If the gas or vapor represented by the point X in the phase for a pure fluid shown in Figure 1 is compressed slowly and isothermally, the pressure rises until the vapor becomes saturated and the first drop of liquid appears at conditions corresponding to point 1. If the compression is continued, condensation takes place at a constant pressure known as the saturation pressure for the given temperature. For a pure substance, the relationship between the saturation pressures and temperatures is given by measurements of this vapor pressure. At any point on the line between point 1 and point 2, saturated liquid and saturated vapor are in equilibrium. At point 2 the vapor phase disappears and only saturated liquid remains. Although the specific volume of a two-phase system changes continuously as the relative amounts of the two phases change, the specific volumes of the saturated vapor and liquid in equilibrium along the line 1-2 are those of points 1 and points 2, respectively. The specific volume of a liquid-vapor mixture with a quality, x, is given by
which is known as the Lever Rule.
The most important saturation property is therefore the vapor pressure, which can be determined experimentally by a number of techniques [Ambrose (1973)]. Once the saturation line is defined, it is possible to consider the properties of both coexisting phases at saturation, including the density and heat capacity. The density of the vapor at saturation is seldom measured directly owing to the difficulties involved so that it is frequently obtained indirectly. On the other hand, the liquid phase density at saturation is more easily measured. Heat capacity measurements in both liquid and vapor phases are possible [Marsh and O'Hare (1994)]. It is noteworthy that in the liquid phase it is possible to define three specific heat capacities: cp, the change in enthalpy with temperature at constant pressure; cσ, the change in enthalpy with temperature for the saturated liquid and csat, the energy required to effect a temperature change while maintaining the liquid in a saturated state. The three heat capacities do not generally differ by very much. Estimation methods for saturated densities and heat capacities at saturation are available [Reid et al. (1977)].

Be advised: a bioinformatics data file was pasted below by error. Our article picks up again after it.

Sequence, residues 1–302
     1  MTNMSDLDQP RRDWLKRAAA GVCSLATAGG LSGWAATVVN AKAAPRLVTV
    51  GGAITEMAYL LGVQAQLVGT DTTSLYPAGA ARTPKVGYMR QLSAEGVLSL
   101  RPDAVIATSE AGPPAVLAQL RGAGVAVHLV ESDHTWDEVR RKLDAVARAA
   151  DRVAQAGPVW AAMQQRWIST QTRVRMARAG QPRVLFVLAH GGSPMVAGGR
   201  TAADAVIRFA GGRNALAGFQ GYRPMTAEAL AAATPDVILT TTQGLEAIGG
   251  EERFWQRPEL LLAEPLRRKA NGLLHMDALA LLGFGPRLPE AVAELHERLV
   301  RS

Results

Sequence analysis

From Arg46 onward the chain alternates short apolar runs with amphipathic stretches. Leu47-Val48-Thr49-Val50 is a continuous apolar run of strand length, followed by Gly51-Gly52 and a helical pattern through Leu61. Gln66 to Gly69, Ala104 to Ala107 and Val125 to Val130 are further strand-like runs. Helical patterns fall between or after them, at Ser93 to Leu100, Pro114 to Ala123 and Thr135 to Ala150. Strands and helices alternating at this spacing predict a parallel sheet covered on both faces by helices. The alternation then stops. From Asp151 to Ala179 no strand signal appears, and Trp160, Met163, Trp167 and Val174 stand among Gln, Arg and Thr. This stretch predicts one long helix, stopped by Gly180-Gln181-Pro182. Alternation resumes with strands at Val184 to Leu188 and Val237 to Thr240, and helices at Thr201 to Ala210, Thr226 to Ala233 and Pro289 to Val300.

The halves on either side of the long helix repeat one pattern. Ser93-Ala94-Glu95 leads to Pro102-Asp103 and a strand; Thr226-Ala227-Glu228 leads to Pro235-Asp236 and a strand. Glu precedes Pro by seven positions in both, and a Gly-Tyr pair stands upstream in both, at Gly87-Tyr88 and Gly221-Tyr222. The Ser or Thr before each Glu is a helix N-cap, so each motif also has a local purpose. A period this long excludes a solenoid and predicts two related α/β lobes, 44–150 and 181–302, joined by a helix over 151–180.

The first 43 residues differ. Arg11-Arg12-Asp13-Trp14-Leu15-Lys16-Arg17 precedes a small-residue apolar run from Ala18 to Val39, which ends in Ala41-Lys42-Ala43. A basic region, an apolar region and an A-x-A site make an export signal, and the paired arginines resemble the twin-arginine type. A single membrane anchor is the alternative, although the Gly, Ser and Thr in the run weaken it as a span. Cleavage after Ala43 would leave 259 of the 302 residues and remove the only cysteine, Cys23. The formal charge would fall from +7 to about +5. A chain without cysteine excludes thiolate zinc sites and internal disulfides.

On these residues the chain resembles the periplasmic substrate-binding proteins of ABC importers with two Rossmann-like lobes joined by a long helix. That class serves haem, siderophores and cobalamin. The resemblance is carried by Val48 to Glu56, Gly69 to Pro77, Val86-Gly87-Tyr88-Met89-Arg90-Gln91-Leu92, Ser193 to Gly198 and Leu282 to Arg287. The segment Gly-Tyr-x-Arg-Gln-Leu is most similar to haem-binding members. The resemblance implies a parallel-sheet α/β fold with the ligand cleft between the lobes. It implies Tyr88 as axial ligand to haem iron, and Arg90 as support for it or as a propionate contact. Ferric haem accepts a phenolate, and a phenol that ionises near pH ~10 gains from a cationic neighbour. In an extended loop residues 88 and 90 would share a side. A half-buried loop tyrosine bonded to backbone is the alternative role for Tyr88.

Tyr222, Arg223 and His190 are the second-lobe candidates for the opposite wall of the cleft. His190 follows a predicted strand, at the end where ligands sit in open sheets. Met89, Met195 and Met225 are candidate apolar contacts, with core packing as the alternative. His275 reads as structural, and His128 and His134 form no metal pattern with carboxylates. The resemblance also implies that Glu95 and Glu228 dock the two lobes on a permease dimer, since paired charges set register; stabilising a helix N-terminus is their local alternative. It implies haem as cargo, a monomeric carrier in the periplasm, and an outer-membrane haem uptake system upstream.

Ambrose, D. (1973) in Experimental Thermodynamics of Non-Reacting Fluids, Le Neindre, B., Vodar, B., Eds., IUPAC, Butterworths, London.
Marsh, K. N. and O'Hare, P. A. G. (1994) Experimental Thermodynamics IV: Solution Calorimetry, Blackwell, Oxford.
Reid, R. C, Prausnitz, J. M., and Sherwood, T. K. (1977) The Properties of Gases and Liquids, McGraw-Hill, New York.